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Yildiz 20-bore shotgun review

Nothing stands still, and now at entry level we have a strong input from the arms manufacturers of Turkey, which appears to have a thriving industry and the willingness to provide products at the right price.

Some traditional virtues
The Yildiz 20-bore is that sort of gun, combining some of the latest manufacturing techniques with other quite traditional virtues.

It has pleasing, conventional styling, with clean lines and, at slightly less than 6lb, it qualifies as a handy gun. In spite of the gun’s light weight, some forward bias due to the point of balance being just in front of the fore-end knuckle gives it a good firm feel during the mount and swing.

This is enhanced by the deep, curved pistol grip and positioning of the front of the comb, ensuring the trigger hand falls readily and comfortably to the same grip each time. Sporting a drop at the tip of the comb a shade under 1½in and 2½in at the heel gives good average dimensions.

Add to that around 3/16in of cast and generous toe-out, it makes for a practical package. Even the comb is reasonably slim, in traditional style, and reflected in the matching shape and dimensions of the fore-end.

For a gun in this price range, the walnut is something of a surprise. A deep, reddish brown, with that important straight grain through the hand and some contrasting colour in the butt is more than one might expect.

Yildiz over-under 20-bore grip.The clean cuts of the gun’s hand-chequered grip complement the oil-finished walnut

The fore-end wood is a good match in colour and quality, and though not particularly dense, the hand-chequering has been achieved with fairly clean cuts.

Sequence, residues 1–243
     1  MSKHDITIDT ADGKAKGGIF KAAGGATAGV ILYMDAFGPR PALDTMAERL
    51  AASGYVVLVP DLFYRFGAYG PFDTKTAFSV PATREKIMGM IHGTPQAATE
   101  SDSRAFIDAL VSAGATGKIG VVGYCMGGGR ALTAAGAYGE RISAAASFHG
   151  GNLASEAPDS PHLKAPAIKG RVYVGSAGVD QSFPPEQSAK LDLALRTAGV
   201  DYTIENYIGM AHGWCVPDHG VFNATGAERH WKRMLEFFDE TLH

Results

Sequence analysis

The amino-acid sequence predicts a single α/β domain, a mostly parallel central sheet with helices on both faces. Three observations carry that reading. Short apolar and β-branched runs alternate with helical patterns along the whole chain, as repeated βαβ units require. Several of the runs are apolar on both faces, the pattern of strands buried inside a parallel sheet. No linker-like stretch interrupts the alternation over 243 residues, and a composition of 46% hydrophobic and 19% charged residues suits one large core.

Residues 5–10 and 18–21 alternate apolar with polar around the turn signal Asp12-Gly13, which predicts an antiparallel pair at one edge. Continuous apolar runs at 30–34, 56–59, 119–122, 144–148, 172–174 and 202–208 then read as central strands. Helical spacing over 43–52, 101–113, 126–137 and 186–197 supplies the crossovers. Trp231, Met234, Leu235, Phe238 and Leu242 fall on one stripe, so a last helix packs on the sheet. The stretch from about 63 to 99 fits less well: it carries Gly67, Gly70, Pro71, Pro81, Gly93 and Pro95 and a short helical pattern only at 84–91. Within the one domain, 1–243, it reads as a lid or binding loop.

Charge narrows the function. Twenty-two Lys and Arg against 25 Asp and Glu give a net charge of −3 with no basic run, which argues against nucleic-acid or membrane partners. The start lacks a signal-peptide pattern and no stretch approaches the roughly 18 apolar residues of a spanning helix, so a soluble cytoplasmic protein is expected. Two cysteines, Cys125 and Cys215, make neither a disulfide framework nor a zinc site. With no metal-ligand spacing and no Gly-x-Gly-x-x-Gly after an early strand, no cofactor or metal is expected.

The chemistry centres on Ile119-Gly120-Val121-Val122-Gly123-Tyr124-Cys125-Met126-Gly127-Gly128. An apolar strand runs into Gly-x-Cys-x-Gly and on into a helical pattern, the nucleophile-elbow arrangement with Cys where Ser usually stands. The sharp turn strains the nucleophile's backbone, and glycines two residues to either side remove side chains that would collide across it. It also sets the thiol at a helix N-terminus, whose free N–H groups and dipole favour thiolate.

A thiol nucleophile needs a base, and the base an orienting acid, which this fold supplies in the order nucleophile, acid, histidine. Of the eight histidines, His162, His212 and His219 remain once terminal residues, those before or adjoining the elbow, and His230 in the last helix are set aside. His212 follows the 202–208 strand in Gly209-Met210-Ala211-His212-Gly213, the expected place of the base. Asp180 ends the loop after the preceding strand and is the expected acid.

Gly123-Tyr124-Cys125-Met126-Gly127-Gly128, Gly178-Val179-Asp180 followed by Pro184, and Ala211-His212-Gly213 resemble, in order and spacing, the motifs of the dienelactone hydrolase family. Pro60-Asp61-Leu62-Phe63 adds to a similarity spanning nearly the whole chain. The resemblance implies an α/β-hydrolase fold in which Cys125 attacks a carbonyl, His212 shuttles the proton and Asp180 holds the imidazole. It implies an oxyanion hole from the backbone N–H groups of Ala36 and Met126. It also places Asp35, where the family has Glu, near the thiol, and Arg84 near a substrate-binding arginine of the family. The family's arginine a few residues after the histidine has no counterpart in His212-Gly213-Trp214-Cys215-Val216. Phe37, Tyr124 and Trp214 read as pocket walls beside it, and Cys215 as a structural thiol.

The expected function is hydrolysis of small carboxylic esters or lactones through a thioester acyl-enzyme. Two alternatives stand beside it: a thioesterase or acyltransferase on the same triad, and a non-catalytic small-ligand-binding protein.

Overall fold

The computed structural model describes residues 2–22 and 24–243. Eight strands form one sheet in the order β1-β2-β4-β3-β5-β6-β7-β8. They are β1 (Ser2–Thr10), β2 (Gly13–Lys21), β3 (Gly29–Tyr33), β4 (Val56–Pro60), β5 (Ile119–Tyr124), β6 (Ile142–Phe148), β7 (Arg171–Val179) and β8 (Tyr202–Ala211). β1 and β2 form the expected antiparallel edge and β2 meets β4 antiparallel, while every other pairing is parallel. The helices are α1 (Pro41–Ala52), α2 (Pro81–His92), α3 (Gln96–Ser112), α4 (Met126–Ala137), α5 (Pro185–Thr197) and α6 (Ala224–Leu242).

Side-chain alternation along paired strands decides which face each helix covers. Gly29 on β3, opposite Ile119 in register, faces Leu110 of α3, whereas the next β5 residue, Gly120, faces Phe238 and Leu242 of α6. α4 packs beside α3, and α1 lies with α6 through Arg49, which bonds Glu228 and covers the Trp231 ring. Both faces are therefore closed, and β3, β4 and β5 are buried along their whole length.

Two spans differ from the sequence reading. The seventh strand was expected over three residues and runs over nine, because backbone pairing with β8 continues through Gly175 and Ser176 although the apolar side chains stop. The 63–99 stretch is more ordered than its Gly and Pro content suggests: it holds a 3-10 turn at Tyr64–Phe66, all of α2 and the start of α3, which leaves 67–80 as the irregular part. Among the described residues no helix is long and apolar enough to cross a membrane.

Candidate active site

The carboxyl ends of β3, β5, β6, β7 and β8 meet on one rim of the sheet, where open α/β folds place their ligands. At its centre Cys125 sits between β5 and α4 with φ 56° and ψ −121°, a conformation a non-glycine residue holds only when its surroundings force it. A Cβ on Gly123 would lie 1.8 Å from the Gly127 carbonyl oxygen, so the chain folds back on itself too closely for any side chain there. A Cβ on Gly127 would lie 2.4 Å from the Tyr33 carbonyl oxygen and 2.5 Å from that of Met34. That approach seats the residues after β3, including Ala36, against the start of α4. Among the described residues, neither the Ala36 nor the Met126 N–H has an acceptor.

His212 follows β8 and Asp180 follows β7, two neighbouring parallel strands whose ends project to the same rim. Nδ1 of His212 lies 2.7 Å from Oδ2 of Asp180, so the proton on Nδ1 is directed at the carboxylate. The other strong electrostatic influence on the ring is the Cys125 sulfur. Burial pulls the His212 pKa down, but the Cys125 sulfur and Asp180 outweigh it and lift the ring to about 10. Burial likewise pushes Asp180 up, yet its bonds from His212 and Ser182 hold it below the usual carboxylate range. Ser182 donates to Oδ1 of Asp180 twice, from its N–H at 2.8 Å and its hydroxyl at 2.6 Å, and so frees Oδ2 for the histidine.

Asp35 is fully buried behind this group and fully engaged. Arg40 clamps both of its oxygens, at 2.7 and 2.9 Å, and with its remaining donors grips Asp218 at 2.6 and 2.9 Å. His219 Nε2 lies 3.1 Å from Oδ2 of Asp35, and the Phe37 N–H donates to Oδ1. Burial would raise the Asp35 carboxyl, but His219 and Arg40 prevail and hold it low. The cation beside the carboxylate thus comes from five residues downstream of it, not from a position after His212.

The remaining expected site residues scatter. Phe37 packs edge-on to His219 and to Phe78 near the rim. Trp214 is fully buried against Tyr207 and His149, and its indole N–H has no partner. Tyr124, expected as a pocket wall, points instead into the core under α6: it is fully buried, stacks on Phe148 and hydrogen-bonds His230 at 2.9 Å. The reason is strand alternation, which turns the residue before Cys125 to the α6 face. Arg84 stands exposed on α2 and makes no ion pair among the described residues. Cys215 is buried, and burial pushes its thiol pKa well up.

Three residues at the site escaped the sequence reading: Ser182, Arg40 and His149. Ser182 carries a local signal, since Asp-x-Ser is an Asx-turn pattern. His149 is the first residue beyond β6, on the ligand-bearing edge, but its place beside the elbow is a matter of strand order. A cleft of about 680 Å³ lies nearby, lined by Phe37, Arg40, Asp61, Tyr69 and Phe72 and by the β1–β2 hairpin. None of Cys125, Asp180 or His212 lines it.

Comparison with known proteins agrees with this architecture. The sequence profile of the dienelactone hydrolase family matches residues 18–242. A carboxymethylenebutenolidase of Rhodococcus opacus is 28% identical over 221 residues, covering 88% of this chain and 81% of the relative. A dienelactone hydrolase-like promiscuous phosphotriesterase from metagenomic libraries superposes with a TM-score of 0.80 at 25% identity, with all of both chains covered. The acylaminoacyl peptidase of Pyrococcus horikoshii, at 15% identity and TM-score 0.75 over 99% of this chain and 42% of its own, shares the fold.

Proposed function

Most of the stock shaping is machined, leaving the minimum of finishing by hand, but the tolerances produced by modern machine tools are such that even the important wood-to-metal fit is executed well.

The inletting from the head of the stock to accommodate the action is tidy and uncomplicated, while tradition still exerts a hold with the oil finish of the woodwork.

Aluminium alloy action body
The aluminium alloy die-cast action body and fore-end ram is no longer the surprise it might have been a few years ago. Those parts that are particularly subject to wear are treated differently, so all the pins are steel, as is the lockwork, cocking arm and the mating cocking piece in the fore-end.

This use of steel parts also extends to the trigger-guard, top-lever and safety/barrel selector. The hinge discs are hardened steel, screwed into the action body, which, being one of the parts most likely to wear on any gun, makes oversize replacements a fairly easy proposition.

A steel insert in the breech face is effectively fixed (unlike disc-set strikers), as with this gun, in common with many of its type, the strikers, or firing pins, are withdrawn from the rear.

Conventional lockwork
The lockwork falls into the category of either boxlock or modified trigger-plate action – there is no formal dividing line. With this design, however, the frame around the lockwork is one piece, so perhaps the former term is the more appropriate.

Whatever your choice, the investment cast lockwork is conventionally laid out in a neat and tidy manner. The use of screw pins between the trigger and lifter, and especially to retain the safety/barrel selector, shows good attention to detail.

The mainsprings are stronger than their size suggests, while the striker return springs are, I feel, somewhat heavier than actually required.

Interchangeable chokes
This test gun has 28in barrels built on the monoblock principle, with good jointing where the barrel tubes are spigoted into the breech. Externally, the black finish is similar in appearance to that found on many English guns.

The bores are clean, shiny and flaw-free, as they have to be to pass proof at the Birmingham Proof House. Chambered at 76mm for magnum cartridges, the bores were at a proof size of 15.9mm, at the more open end of the 20-bore size range.

Five screw chokes and a stamped steel choke key are provided with this model.

Yildiz over-under 20-bore lever.The top-lever is well proportioned, while the safety boasts practical, almost severe, lines.


As with any gun fitted with detachable chokes, there will obviously be some variation depending upon the actual bore size, which may vary from one gun to another within the proof size ranges.

With the facility to interchange chokes that does not actually matter too much; you simply select the combination that gives the required result.

Laser decoration
The laser decoration is minimalist yet tastefully done, and there is a similar model in the four-gun range, with overall coverage as an option.